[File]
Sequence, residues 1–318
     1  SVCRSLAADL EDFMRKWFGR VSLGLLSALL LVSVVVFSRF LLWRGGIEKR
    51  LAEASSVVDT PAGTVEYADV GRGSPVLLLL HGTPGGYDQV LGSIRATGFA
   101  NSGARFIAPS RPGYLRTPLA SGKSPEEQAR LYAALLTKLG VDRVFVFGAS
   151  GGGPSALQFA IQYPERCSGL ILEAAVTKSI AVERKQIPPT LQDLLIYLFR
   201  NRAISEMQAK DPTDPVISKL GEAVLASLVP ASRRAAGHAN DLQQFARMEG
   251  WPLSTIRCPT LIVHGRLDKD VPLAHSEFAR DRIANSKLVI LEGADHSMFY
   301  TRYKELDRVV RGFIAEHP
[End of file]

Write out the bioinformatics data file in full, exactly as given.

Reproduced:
Sequence, residues 1–318
     1  SVCRSLAADL EDFMRKWFGR VSLGLLSALL LVSVVVFSRF LLWRGGIEKR
    51  LAEASSVVDT PAGTVEYADV GRGSPVLLLL HGTPGGYDQV LGSIRATGFA
   101  NSGARFIAPS RPGYLRTPLA SGKSPEEQAR LYAALLTKLG VDRVFVFGAS
   151  GGGPSALQFA IQYPERCSGL ILEAAVTKSI AVERKQIPPT LQDLLIYLFR
   201  NRAISEMQAK DPTDPVISKL GEAVLASLVP ASRRAAGHAN DLQQFARMEG
   251  WPLSTIRCPT LIVHGRLDKD VPLAHSEFAR DRIANSKLVI LEGADHSMFY
   301  TRYKELDRVV RGFIAEHP